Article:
Fact Check: Tax Cuts And Jobs Act Did NOT Raise Taxes On Most People Earning Under $75,000

Fact Check

  • by: Ed Payne

STORY UPDATED: check for updates below.

Fact Check: Tax Cuts And Jobs Act Did NOT Raise Taxes On Most People Earning Under $75,000 Boosts Income

Did the Tax Cuts and Jobs Act raise taxes on most people earning under $75,000? No, that's not true: The 2017 law aimed to lower taxes for individuals through measures such as reducing income tax rates and raising the standard deduction. While the vast majority in the under $75,000 income group benefited from reduced taxes, a small percentage saw their taxes increase due to changes in deductions and exemptions, tax policy experts told Lead Stories.

The claim appeared in a video (archived here) on TikTok by too.weird_too.rare on November 28, 2020, under the on-screen title "Trump's Tax Plan Vs. Biden's Tax Plan." The post's caption said:

@veganteacher1988 // #foryoupage #fyp #fypシ #biden2020 #bidenharris2020 #biden #saturday #november #tiktokart #politicaltiktok #politics #trump

This is what the post looked like on TikTok at the time of writing:


(Source: TikTok screenshot taken on Thu Mar 14 14:50:25 2024 UTC)

The video

During the 15-second clip, the narrator laid out their claim, which said:

Wait, so Trump passed a bill in 2017 where people who make under $75,000 will have their taxes raised in 2021 and every two years after that until 2027. While the rich get richer ... and y'all crying about Biden raising taxes for people who make over $400,000?

Tax Foundation

In emails dated March 15, 2024, Garrett Watson, a senior policy analyst at the Tax Foundation, a tax policy think tank, told Lead Stories that "most households received a tax cut from the 2017 tax law known as the Tax Cuts and Jobs Act." He continued:

If we compare the amount of taxes most households would have paid in 2018 through 2025 (including tax credits that lower taxes like the child tax credit) to taxes actually paid, most households would have paid higher taxes if the 2017 tax law had not passed. ...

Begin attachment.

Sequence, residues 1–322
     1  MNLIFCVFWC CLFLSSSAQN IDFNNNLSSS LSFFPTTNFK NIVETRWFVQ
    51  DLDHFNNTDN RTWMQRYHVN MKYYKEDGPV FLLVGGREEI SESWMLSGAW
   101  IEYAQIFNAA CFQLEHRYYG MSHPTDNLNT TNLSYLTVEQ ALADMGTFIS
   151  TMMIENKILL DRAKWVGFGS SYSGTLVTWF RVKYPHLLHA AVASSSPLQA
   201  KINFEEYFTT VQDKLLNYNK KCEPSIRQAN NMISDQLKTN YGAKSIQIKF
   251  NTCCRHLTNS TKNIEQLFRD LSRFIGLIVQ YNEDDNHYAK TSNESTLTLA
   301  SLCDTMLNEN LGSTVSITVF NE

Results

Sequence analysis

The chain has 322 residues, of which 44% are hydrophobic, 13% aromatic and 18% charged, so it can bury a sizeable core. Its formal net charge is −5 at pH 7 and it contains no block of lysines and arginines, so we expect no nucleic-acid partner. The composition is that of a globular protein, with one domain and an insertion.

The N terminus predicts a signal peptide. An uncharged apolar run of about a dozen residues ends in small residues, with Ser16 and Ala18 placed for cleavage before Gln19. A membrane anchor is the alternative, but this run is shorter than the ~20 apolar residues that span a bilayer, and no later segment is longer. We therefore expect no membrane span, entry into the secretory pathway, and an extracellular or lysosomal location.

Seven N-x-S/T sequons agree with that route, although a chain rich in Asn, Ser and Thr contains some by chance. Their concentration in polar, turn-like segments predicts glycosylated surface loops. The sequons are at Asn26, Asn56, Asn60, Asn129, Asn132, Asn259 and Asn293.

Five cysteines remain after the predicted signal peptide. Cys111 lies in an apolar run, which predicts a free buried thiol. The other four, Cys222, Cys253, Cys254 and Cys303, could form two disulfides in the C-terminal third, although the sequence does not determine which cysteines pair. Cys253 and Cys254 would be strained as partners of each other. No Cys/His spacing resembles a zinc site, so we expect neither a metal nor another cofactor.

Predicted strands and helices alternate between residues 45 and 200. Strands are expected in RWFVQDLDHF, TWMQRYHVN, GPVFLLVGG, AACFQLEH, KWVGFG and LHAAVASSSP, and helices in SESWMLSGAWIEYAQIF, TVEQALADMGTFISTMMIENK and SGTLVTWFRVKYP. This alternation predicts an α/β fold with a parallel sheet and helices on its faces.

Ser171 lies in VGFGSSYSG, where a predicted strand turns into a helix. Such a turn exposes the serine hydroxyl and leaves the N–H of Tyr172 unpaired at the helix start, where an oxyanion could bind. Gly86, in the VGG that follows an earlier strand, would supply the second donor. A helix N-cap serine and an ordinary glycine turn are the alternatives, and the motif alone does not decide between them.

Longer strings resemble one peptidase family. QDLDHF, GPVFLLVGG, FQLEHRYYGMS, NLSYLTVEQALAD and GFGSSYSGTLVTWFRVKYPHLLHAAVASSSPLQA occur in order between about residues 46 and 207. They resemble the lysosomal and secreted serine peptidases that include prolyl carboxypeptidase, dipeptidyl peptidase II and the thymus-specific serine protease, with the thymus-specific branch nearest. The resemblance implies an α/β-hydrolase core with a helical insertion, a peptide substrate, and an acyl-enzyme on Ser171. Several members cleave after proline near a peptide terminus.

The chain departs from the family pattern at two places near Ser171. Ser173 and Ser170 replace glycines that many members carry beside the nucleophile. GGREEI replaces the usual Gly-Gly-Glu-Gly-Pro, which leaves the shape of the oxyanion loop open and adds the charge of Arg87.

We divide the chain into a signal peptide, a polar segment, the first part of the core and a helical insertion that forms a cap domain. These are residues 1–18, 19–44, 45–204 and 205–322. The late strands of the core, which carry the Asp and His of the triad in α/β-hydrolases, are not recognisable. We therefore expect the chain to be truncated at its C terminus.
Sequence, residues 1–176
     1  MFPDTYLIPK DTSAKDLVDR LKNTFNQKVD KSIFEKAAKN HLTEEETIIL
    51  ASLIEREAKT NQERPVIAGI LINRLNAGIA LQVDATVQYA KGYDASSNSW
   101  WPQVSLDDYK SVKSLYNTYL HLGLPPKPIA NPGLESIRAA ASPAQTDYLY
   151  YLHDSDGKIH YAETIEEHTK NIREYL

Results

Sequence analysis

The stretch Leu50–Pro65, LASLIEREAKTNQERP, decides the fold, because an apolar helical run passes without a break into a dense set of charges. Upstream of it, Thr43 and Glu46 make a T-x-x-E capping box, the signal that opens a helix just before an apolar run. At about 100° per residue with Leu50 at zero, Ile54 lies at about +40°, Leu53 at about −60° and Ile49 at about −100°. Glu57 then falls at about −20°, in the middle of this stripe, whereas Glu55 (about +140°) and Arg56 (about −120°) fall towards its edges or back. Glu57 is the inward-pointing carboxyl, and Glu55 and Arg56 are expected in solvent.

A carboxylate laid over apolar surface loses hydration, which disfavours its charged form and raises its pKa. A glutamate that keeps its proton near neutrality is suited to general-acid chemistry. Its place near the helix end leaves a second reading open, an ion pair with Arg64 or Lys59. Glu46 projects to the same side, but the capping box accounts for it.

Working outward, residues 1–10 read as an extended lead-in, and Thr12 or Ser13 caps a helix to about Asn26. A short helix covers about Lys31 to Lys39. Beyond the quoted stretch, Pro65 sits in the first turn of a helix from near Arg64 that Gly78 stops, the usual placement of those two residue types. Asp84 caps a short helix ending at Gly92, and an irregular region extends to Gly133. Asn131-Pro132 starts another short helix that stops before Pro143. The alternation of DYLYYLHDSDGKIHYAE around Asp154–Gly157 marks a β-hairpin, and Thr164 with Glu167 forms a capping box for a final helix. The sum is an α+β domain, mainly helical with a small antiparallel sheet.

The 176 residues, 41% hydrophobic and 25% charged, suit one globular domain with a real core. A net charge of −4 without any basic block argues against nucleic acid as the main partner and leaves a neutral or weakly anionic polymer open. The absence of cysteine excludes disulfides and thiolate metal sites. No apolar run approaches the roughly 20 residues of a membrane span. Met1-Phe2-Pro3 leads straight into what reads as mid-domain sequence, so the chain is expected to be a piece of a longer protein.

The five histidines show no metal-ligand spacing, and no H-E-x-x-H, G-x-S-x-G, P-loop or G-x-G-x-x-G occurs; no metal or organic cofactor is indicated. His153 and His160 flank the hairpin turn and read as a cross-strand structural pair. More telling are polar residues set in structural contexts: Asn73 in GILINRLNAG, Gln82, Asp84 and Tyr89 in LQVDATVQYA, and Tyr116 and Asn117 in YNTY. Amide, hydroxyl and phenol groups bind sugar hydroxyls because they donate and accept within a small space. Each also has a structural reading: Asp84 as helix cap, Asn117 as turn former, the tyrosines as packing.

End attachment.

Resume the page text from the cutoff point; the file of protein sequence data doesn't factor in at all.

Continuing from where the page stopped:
According to the Joint Committee on Taxation (JCT), Congress's official scorekeeper, in calendar year 2023, about 14.3% of those earning between $50,000 and $75,000 saw a tax hike greater than $100. About 70% saw a tax cut of $100 or greater.

For those earning between $20,000 and $30,000, about 9.7% saw a tax hike of $100 or greater and 39.7% saw a tax cut of $100 or greater (The rest seeing a tax change of less than $100 in either direction).

A June 28, 2018, analysis of the TCJA (archived here) by the Tax Foundation included these conclusions in its "key findings" section:

  • Lower tax liabilities and higher output will boost taxpayer after-tax income, but the impact will differ over time due to many provisions phasing in or expiring over the next decade. ...
  • On a conventional basis, the TCJA would result in an increase in after-tax income for taxpayers in all income groups from 2018 to 2025.

Tax Policy Center

Howard Gleckman, a senior fellow in the Urban-Brookings Tax Policy Center at the Urban Institute, another tax policy think tank, told Lead Stories in a March 15, 2024, phone interview that there's a "kernel of truth" in the social media post's claim about the TCJA, but a "very small" one. While the Tax Policy Center's numbers differ a bit from the Tax Foundation, they tell a similar story.

The analysis by the Tax Policy Center broke taxpayers into these income groups:

  1. $25,000 a year or less (very low income)
  2. $25,000 to $50,000 (low income)
  3. $50,000 to $85,000/$90,000 (middle income)

Gleckman said the 2017 tax law benefited nearly everyone earning $75,000 or less (emphasis ours):

So in that lowest income group, about 1 percent of taxpayers paid a little more than they would have if the law [TCJA] didn't pass. In a second income group, about 5 percent paid a little more, and in the middle-income group, about 7 percent paid a little more. So, average all that out and you're talking about 3, 4 percent of people in those very low-, low-, and moderate-income groups, paid more in taxes. And those are people with very unusual tax situations. For the most part, say 95 percent of people in those groups, either paid the same or paid less.

Read more

Additional Lead Stories fact checks of claims about income taxes can be found here.


  • 2024-03-15T17:27:46Z 2024-03-15T17:27:46Z
    Updated to clarify that a small subset of those earning under $75,000 saw their taxes rise.

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  Ed Payne

Ed Payne is a staff writer at Lead Stories. He is an Emmy Award-winning journalist as part of CNN’s coverage of 9/11. Ed worked at CNN for nearly 24 years with the CNN Radio Network and CNN Digital. Most recently, he was a Digital Senior Producer for Gray Television’s Digital Content Center, the company’s digital news hub for 100+ TV stations. Ed also worked as a writer and editor for WebMD. In addition to his journalistic endeavors, Ed is the author of two children’s book series: “The Daily Rounds of a Hound” and “Vail’s Tales.” 

Read more about or contact Ed Payne

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